The song of Mary echoes the sentiments of an earlier song. “Give thanks to the LORD….Sing praises to the LORD, [who] has done gloriously; let this be known in all the earth. Shout aloud and sing for joy… for great in your midst is the Holy One of Israel” (Isaiah 12:4-6). Mary and Isaiah both offered praise to God for past faithfulness, current presence, and future promise. Their eyes could not behold the fulfillment of God’s promises, but through faith, their hearts perceived God’s work as already complete. Their words are great for us to read (and sing) now because of all that God has done, is doing, and will still do in our midst.

As we reflect on this past year, God has surely done great things among us. Youth and advisors gathered at National Youth Conference to be challenged in their walk of faith. Church planters and others gathered at the New and Renew Conference for professional development and encouragement for the work of nurturing new disciples. Josiah and Christine Ludwick and their children began a year of service in Rwanda to preach, teach, and demonstrate a Brethren way of living. Brethren in Spain continued to add new congregations and expanded their membership. In Nigeria, Global Mission executive Jay Wittmeyer was present at the commissioning of a new EYN congregation at the Gurku Interfaith Camp for displaced people.  These are just a few examples of how your gifts helped add to our larger community blanket in 2018.

As you reach for your favorite blanket this winter season, please sing a song of thanksgiving for all that God has done through the Church of the Brethren, offer a prayer for the continued work of our ministries, and make a gift with hopeful expectation of what God will do. God surely has great things in store for us, and with God’s help and through your partnership, 2019 will be wonderfully stitched with hope and love.

(Read this issue of eBrethren.)

Continuing the work of Jesus into 2019

By David Steele, general secretary

Greetings in the name of our Savior born for us—the Messiah, our Lord!

On behalf of our worldwide staff, volunteers, and the Mission and Ministry Board, I want to express our gratitude for the many ways you faithfully strive to live out the gospel—to simply try to do what Jesus did. The vital ministries of Church of the Brethren members and congregations, small and large, are at the heart of our denomination. Your witness is essential in our partnership as we together herald the Good News of the birth of Jesus Christ.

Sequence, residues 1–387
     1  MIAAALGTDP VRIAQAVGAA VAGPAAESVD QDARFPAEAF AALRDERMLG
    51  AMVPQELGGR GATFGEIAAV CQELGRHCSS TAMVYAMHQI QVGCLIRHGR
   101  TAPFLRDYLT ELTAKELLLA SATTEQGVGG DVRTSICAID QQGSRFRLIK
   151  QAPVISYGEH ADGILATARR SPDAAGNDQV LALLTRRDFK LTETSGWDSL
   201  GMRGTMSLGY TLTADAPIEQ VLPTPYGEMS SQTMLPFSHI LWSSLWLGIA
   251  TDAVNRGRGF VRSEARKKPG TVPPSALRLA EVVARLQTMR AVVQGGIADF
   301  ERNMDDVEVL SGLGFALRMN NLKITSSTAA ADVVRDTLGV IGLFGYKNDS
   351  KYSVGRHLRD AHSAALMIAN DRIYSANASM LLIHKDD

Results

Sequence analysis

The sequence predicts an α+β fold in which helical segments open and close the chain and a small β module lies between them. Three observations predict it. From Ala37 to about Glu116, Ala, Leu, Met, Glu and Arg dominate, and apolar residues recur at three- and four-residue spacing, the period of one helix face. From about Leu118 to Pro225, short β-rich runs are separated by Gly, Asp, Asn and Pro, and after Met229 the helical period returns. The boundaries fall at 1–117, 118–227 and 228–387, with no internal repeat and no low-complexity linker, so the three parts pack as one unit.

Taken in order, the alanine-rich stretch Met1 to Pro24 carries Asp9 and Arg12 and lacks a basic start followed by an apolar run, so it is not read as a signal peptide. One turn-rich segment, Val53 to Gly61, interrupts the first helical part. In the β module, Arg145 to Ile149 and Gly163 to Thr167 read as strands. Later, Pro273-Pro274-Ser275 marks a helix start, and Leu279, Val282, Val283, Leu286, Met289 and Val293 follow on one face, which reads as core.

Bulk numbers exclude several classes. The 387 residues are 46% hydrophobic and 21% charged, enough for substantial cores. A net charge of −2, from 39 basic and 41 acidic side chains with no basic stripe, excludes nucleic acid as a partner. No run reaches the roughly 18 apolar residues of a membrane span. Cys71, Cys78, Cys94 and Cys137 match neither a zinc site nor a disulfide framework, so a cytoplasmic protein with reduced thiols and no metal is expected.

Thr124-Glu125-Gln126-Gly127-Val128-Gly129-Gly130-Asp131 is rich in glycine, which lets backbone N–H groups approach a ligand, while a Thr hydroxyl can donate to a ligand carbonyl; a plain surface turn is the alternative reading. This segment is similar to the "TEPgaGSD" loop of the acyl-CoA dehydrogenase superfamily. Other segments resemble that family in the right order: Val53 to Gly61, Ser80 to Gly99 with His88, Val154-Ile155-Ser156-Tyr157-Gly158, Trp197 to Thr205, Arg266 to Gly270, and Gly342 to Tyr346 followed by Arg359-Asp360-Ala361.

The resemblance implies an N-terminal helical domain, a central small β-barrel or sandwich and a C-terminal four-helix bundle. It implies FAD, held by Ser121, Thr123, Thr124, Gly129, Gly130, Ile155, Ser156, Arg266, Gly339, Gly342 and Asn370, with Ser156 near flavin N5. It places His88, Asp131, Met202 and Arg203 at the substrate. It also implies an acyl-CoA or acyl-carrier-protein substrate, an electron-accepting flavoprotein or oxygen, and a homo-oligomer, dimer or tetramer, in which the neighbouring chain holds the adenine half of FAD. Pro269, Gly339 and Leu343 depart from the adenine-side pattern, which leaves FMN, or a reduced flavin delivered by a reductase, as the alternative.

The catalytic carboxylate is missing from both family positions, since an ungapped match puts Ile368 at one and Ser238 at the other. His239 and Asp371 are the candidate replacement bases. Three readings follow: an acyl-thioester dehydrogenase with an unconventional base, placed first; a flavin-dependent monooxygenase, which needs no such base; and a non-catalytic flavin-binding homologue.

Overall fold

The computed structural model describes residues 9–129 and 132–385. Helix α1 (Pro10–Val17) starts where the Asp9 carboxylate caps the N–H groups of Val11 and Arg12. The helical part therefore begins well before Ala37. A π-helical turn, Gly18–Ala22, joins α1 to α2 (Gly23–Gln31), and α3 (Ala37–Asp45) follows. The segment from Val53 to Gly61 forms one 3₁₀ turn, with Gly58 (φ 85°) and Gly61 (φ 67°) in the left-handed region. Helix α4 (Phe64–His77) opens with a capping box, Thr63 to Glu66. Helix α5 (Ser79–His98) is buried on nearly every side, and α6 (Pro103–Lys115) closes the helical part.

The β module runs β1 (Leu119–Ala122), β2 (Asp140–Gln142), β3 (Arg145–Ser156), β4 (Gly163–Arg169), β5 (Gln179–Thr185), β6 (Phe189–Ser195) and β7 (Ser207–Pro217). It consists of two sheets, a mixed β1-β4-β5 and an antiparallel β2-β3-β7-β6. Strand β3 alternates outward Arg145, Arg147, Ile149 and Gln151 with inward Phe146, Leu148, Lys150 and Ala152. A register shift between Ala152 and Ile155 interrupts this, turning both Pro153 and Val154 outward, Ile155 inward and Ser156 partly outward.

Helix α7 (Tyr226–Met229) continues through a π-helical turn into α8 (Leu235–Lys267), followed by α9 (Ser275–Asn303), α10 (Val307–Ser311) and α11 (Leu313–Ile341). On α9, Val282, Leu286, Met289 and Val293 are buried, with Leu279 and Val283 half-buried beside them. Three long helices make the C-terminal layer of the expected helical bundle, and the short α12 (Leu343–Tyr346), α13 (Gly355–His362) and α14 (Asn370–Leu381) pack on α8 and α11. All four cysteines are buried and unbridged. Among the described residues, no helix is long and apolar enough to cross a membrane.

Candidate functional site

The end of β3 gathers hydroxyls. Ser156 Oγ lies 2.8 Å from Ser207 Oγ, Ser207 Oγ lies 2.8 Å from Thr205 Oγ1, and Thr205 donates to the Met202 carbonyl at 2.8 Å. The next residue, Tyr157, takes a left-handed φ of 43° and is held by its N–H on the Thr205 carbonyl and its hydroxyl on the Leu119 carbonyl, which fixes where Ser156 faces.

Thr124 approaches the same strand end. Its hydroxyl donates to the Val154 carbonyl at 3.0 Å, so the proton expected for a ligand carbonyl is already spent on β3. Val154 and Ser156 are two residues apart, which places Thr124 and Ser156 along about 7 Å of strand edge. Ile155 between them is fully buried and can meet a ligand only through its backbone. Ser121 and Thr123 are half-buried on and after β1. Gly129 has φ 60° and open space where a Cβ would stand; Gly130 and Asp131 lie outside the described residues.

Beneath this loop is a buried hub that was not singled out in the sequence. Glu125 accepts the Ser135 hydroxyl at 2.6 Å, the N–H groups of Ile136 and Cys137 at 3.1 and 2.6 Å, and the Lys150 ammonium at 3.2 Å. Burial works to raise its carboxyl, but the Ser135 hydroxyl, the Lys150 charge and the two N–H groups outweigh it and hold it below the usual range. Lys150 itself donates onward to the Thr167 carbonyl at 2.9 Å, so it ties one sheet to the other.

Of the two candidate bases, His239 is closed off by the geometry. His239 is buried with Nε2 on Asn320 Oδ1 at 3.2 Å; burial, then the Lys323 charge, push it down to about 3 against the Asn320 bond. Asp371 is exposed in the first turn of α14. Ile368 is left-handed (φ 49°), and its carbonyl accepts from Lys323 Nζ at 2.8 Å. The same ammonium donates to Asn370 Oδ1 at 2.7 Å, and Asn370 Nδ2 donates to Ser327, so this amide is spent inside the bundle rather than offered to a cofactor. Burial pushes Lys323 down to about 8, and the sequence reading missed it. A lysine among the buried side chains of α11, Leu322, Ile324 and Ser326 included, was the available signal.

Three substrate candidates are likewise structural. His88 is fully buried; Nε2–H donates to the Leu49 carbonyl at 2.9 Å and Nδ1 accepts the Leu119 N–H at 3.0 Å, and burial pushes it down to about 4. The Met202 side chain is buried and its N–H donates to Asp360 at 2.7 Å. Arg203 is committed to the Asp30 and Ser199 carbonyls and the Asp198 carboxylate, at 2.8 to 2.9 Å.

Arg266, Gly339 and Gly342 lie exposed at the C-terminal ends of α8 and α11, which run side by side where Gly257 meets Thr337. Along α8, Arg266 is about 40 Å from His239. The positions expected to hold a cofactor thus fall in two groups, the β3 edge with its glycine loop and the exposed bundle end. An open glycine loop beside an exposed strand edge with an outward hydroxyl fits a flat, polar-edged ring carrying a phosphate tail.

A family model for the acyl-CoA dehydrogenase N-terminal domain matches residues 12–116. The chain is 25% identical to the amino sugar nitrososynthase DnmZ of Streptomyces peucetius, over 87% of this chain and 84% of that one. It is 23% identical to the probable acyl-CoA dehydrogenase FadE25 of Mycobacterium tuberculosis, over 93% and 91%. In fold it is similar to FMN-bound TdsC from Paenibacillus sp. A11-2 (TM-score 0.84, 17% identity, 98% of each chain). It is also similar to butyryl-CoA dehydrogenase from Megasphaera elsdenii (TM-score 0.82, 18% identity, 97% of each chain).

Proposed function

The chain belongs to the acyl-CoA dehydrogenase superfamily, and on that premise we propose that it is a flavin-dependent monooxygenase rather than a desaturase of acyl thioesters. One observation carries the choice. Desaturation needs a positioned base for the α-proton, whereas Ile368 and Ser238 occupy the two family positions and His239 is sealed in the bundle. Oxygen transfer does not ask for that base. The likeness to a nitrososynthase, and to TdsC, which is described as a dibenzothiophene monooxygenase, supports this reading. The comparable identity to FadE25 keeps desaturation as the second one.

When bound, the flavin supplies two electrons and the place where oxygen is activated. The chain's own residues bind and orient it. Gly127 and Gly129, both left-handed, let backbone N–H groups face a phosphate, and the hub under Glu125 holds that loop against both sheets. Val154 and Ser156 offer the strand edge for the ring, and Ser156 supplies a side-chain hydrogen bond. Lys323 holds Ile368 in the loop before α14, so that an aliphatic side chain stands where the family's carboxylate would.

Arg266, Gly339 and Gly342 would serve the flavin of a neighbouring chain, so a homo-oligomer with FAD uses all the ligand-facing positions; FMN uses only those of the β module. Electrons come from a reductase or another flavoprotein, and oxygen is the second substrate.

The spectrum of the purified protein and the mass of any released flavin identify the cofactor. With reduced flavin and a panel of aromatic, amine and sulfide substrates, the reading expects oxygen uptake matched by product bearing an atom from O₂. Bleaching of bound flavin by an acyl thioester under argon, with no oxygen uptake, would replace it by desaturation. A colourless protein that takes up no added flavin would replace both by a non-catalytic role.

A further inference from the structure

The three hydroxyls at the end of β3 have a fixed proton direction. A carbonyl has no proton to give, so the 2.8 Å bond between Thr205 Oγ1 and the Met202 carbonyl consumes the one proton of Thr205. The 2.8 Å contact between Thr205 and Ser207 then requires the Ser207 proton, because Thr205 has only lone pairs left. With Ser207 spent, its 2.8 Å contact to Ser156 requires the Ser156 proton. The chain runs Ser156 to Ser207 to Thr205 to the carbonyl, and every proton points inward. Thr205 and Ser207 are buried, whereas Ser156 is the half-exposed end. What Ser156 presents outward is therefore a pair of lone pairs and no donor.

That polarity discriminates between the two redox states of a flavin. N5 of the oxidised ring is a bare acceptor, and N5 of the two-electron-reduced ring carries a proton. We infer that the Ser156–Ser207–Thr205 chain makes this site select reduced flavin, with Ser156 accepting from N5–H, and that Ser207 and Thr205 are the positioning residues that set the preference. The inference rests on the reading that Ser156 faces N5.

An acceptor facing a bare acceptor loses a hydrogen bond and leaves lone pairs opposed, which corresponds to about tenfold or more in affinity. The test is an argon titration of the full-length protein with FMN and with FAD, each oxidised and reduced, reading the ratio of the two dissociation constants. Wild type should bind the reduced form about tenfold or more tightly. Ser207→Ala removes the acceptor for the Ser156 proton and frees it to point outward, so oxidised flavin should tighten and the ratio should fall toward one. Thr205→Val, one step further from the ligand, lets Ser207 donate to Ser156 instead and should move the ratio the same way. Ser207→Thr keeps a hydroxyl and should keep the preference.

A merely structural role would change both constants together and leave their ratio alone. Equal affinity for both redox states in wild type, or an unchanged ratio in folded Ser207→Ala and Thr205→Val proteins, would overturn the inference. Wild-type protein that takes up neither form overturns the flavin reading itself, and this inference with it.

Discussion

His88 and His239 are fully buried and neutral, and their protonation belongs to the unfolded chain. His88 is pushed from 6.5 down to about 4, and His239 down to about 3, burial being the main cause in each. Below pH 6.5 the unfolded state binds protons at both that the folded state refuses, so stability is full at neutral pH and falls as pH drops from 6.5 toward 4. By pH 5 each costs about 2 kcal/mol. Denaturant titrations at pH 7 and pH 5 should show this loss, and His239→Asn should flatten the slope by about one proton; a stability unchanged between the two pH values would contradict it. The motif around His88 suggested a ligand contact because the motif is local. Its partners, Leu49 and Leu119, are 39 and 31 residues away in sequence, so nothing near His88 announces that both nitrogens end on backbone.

As we close the year, we celebrate that our Brethren witness is meaningfully extended into new places and in new ways. The Church of the Brethren is seeking to become a Global Church of the Brethren. Our growth around the world and our commitment to deeper and more meaningful relationships are helping this vision become a reality as we enter 2019.

In August, Josiah and Christine Ludwick and their children began a year of service in Rwanda to preach, teach, and demonstrate a Brethren way of living. Their appointment is vital to the efforts of establishing a peace testimony in the Great Lakes region of Africa as they host theological education and training, assist in the construction of church buildings, and deepen relationships.

In Venezuela, the Brethren witness is growing but economic turmoil has prevented the placement of mission staff at this time. Global Mission and Service staff and volunteers travel there when possible and work with Venezuelan leadership to broaden the understanding of our church’s theology and practice.

Brethren in Spain continue to add new congregations and expand their membership. Many are immigrants, but Spanish citizens are beginning to take notice and come to services.

Haitian Brethren have proved themselves faithful again this year by reaching out to the suffering when an earthquake struck in the north of the country.

In Nigeria, Global Mission executive Jay Wittmeyer was present at the commissioning of a new EYN congregation at the Gurku Interfaith Camp for displaced people. The Nigerian Brethren also commissioned their newest church district in Lagos, with EYN now numbering 55 districts. The Nigeria Crisis Response continues to bring healing and hope to thousands of families displaced by violence.

Embracing Jesus’ call to go and make disciples has been at the heart of our ministries throughout this year.

Youth and advisors gathered at National Youth Conference to be challenged in their walk of faith.

Church planters and others gathered at the New and Renew Conference for professional development and encouragement for the work of nurturing new disciples.

The Discipleship Ministries team provided resource leadership at congregational and district events, web-based learning opportunities, and collaboration with Bethany Seminary for an Urban Ministry intensive in Atlanta.

For Brethren Disaster Ministries, loss of Paradise Church of the Brethren and most of the congregation’s homes ended an intense year of responding to disasters—including a rebuilding project in North Carolina that closed during Hurricane Florence but quickly reopened to help people affected by Hurricane Matthew. In Puerto Rico, our disaster response expanded into the mountains around Castañer, where a long-term home rebuilding project will continue through next year.

Children’s Disaster Services supported families affected by floods, hurricanes, volcanoes, shootings, and the Camp Fire that burned Paradise.

Together, we have shared hope and God’s love. God has enabled us to extend Christ’s mission, serving those in need both near and far, growing disciples, calling and developing leaders, and transforming communities.  Thank you for your partnership, your generous support, and your prayers. May we together continue the work of Jesus.

Learn more about the ministries of the Church of the Brethren at www.brethren.org or support them today at www.brethren.org/give.

(Read this issue of eBrethren.)

Livelihood Centers Graduate 180